On July 8, the Sixth International Field Symposium “West Siberian Peatlands and Carbon Cycle: Past and Present” ended. IFS RAS was the co-organizer providing the event. The program of the Field Symposium consisted of plenary and breakout sessions, field trips to the Kondin Lakes Nature Park, Surgut Polesye and the Mukhrino International Field Station. Photos and videos of all the excursions are available at the website of the event in the “Program” section. The program of the event took into account the peculiarities of the reports organization in connection with the pandemic, and some of them were carried out by the participants on-line. The Proceedings were published before the Symposium and will be posted in the Russian Science Citation Index database. In addition, selected papers will be published in the IOP Conference Series: Earth and Environmental Science, included in the Web of Science database.
IFS RAS staff directly participated in the symposium. On the opening day of the symposium a plenary report by A.A. Sirin on “Peatlands and anthropogenically modified peatlands: carbon, greenhouse gases and potential for climate change mitigation” was delivered, summarizing the results of IFS RAS long-term research in the conservation and restoration of peatlands against the global context of the problem in question. Several reports were made on the carbon balance of anthropogenically used peatlands and the possibilities for their restoration (presentations of the reports are available on the conference website at the link). The poster paper “Carbon dioxide fluxes in hayfields (drained peat soil): analysis of the use scenario” (Ilyasov D.V. et al.) was devoted to the search for optimal (in terms of reducing carbon losses, getting economic benefits from use, prevention of peat fires) ways of agricultural peatland use. Poster presentation “Annual estimates of CO2 and CH4 emissions from the peat extraction site (by the example of the Dubna massif in the Moscow region)” (Suvorov G., Sirin A. A.) highlighted the results of the ten-year monitoring of greenhouse gas flows at the peat extraction site in the Moscow region and demonstrated the analysis of the main environmental factors influencing their magnitude and duration.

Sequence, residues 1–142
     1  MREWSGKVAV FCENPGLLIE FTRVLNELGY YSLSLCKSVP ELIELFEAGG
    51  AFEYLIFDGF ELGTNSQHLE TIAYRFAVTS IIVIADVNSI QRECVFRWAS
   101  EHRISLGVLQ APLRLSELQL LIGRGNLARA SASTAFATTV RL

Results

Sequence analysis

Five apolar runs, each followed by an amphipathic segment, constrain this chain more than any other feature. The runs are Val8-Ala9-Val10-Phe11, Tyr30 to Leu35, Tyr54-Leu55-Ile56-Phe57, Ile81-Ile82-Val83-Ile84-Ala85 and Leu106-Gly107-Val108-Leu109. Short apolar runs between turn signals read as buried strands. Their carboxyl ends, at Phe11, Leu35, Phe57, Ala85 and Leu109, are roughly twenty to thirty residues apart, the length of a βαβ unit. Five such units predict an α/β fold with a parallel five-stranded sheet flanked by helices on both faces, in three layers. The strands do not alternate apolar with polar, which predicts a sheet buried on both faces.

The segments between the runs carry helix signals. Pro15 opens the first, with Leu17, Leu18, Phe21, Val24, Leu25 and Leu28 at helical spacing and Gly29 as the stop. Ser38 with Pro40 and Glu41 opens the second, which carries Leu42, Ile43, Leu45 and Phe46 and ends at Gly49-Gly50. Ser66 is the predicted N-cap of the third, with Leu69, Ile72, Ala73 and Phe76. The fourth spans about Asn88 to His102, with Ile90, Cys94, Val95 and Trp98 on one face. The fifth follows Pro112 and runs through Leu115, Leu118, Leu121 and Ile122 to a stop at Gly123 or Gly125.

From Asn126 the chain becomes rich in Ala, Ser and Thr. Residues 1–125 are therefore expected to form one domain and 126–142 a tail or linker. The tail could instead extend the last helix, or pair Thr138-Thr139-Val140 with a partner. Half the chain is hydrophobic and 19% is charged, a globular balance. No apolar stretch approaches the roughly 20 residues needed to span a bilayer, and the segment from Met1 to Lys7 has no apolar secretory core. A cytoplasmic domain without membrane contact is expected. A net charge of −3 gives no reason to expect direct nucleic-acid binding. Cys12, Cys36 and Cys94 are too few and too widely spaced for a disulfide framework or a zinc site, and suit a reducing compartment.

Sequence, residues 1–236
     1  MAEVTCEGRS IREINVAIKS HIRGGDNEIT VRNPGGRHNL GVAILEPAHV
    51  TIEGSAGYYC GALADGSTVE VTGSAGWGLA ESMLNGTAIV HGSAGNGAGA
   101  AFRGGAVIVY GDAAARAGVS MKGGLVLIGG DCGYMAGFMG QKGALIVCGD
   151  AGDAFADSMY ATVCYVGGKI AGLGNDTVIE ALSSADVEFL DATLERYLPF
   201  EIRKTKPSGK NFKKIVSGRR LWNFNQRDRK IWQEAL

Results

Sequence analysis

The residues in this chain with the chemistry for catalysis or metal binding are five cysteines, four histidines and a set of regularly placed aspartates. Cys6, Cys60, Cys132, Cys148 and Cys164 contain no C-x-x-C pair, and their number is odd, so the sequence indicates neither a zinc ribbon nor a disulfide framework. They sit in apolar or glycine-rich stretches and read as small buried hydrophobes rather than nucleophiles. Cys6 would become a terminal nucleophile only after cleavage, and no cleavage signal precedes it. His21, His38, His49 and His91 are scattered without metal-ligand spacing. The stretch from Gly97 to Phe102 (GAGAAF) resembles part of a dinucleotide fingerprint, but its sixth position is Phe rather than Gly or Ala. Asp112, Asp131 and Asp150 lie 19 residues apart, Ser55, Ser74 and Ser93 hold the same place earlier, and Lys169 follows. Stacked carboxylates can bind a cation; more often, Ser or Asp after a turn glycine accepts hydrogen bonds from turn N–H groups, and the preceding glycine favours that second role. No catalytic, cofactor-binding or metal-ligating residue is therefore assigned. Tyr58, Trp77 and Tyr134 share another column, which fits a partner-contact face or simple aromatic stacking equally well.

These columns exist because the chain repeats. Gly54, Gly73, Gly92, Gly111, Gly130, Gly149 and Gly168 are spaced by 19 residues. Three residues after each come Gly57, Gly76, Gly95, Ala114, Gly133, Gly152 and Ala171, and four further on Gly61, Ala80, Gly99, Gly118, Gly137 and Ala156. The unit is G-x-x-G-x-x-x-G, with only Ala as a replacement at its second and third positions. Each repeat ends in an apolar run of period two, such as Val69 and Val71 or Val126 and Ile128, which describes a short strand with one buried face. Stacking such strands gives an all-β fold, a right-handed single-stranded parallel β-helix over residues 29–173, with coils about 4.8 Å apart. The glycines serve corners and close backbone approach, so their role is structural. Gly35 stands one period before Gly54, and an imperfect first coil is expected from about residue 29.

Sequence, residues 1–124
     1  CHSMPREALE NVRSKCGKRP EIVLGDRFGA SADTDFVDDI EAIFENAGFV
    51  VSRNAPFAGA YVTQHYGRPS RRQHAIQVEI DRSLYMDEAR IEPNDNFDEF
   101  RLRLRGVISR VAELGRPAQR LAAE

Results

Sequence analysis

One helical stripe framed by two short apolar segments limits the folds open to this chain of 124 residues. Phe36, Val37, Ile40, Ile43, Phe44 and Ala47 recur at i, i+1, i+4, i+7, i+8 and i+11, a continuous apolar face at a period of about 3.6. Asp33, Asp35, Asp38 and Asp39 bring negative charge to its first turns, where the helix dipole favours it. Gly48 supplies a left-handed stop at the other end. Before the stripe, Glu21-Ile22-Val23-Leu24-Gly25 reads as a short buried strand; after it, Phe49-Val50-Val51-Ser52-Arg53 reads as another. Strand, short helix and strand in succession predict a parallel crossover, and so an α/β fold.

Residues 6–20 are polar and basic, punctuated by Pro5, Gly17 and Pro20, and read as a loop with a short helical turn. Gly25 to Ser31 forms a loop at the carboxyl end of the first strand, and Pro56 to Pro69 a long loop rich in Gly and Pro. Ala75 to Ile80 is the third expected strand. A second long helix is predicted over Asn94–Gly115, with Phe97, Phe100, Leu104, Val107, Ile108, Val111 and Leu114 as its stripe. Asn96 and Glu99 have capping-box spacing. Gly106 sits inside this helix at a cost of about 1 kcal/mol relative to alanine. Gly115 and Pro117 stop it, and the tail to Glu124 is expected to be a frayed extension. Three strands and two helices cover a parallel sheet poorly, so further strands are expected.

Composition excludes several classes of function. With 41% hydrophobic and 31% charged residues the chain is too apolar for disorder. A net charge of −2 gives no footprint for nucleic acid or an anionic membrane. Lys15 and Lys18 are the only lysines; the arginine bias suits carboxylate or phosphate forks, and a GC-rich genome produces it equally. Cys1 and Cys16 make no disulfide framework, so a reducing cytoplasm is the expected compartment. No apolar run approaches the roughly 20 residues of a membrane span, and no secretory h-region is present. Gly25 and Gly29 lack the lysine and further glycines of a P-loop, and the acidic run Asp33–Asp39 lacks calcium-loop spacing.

The symposium contributed to the exchange of knowledge in the modern functioning of bogs, protection of their biodiversity and biosphere functions, as well as an assessment of the anthropogenic impact on bog ecosystems and the introduction of modern technologies for their rational use and restoration under conditions of global climate change.